The Stats Say: Dwight Howard’s woeful free-throw shooting might actually be benefiting the Rockets

Popular wisdom says that if Dwight Howard improves his free-throw shooting, then the Rockets will win more games. The reasonable-sounding argument goes like this: If Dwight could only make 75% of his free throws – the League average – then he would make 8.7 (rather than 6.1) of his 11.6 attempts per game, so the Rockets would score 2.6 more points per game, which would increase their expected number of wins by 6 or 7 games (according to the Pythagorean expectation), which could be the difference between a sixth seed and a third seed in the playoffs, which would be huge.

But that assumes that Dwight would continue to have the same number of free-throw attempts.  In reality, if Dwight managed to consistently shoot 75% from the line, Hack-a-Dwight would no longer be a viable strategy for opponents and they would no longer find it so attractive to tackle Dwight during every post move, so his FT attempts would probably drop by more than half. And that makes all the difference because free throw attempts are more valuable than they at first seem.

With the exception of wide open lay ups and wide open corner threes, free throws are the most efficient play in basketball. Even though he’s one of the worst free-throw shooters in NBA history, a Dwight Howard trip to the line tends to be more efficient than an average Rocket offensive possession. So far this season, the Rockets are scoring 1.05 points per possession, and 1.06 points when Dwight goes to the line, and that’s not even considering And-1 opportunities and the potential for offensive rebounds. Plus, the more Dwight gets sent to the line, the more effective the Rockets will be on defense since there will be fewer transition opportunities for the other team. And the more Dwight gets fouled, the more likely the opponent’s best players are to get themselves in foul trouble.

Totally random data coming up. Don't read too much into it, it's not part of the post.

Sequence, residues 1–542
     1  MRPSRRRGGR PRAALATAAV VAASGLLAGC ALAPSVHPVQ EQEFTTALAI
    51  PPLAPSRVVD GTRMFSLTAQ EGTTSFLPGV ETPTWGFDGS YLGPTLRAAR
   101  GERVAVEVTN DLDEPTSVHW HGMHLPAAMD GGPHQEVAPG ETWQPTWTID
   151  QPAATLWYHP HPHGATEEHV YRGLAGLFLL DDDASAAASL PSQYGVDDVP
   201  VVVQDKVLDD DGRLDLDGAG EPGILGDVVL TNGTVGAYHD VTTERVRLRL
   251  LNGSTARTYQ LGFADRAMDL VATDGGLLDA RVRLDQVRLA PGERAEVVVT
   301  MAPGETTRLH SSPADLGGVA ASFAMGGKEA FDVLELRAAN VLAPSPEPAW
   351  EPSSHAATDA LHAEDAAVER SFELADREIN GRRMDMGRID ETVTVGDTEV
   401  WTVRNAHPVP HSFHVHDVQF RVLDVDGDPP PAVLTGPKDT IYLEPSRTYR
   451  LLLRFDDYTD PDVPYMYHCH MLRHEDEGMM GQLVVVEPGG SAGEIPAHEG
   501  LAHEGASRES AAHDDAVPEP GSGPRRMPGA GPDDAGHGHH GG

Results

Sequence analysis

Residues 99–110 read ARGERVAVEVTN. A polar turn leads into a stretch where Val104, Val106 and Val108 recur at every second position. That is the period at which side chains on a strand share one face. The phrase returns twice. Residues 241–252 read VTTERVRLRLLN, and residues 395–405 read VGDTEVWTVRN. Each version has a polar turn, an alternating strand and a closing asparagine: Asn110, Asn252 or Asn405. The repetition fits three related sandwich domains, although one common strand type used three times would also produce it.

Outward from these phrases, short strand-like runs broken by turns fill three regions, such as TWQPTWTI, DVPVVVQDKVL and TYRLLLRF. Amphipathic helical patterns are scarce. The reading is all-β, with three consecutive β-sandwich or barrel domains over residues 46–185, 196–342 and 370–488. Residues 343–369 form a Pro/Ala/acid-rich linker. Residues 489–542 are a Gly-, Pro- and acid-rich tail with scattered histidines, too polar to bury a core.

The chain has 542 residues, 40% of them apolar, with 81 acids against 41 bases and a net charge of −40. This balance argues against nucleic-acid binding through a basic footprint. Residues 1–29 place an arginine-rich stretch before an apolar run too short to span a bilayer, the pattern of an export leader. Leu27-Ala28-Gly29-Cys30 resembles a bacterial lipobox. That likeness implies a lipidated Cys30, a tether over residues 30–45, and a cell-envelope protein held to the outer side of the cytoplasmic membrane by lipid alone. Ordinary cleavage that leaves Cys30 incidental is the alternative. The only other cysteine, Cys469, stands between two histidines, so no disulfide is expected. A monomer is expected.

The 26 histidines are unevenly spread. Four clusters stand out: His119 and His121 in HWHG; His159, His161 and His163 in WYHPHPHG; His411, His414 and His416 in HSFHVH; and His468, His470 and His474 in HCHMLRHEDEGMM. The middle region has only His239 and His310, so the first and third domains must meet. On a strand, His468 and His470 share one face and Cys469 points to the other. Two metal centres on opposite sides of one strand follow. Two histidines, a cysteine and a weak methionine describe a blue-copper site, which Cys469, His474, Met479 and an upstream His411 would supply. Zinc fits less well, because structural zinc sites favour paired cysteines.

Here’s the simplest way of putting it. Improving Dwight’s free-throw percentage would have two conflicting effects: (1) on the positive side, it would make Dwight’s trips to the line more efficient, (2) on the negative side, it would reduce his total number of trips to the line (and thereby reduce overall efficiency and reduce the likelihood of getting the other team in foul trouble). To estimate which effect outweighs the other, we have to make some assumptions. Here are the main assumptions I made:

  • Dwight’s FT attempts would gradually decline as his FT% increased, with the steepest decline happening at a FT% around 60-65% (because that’s roughly when teams would not longer find Hack-A-Dwight worthwhile). If his FT% improved all the way to 75%, his free-throw attempts would drop from 11.6 to 4.6 per game.
  • On an ordinary possession, the Rockets are expected to score 1.05 points and give up 1.013 points to their opponent. (source)
  • After a Dwight free throw, the Rockets’ opponents will score at a rate 10% worse than normal since the Rockets have time to set up their defense.
  • If a player misses the back end of a free throw, his team has a 14% chance of grabbing the offensive rebound. (source)
  • 11% of Dwight’s free throw attempts are And-1 opportunities. (source)
  • If Dwight improved his FT% to 75%, Rockets’ opponents would be in foul trouble less often, which means that in about 25% of all possessions, the Rockets would be 5% worse on offense and 5% worse on defense.

Using those assumptions, I made some convoluted calculations to arrive at these estimates:

Dwight hypothetical FT percentage